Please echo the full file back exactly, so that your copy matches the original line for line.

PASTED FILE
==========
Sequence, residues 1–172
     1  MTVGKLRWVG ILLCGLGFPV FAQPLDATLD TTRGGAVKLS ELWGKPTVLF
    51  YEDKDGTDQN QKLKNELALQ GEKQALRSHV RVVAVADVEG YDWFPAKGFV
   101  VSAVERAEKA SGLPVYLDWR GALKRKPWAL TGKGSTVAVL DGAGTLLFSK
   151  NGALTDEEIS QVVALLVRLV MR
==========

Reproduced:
Sequence, residues 1–172
     1  MTVGKLRWVG ILLCGLGFPV FAQPLDATLD TTRGGAVKLS ELWGKPTVLF
    51  YEDKDGTDQN QKLKNELALQ GEKQALRSHV RVVAVADVEG YDWFPAKGFV
   101  VSAVERAEKA SGLPVYLDWR GALKRKPWAL TGKGSTVAVL DGAGTLLFSK
   151  NGALTDEEIS QVVALLVRLV MR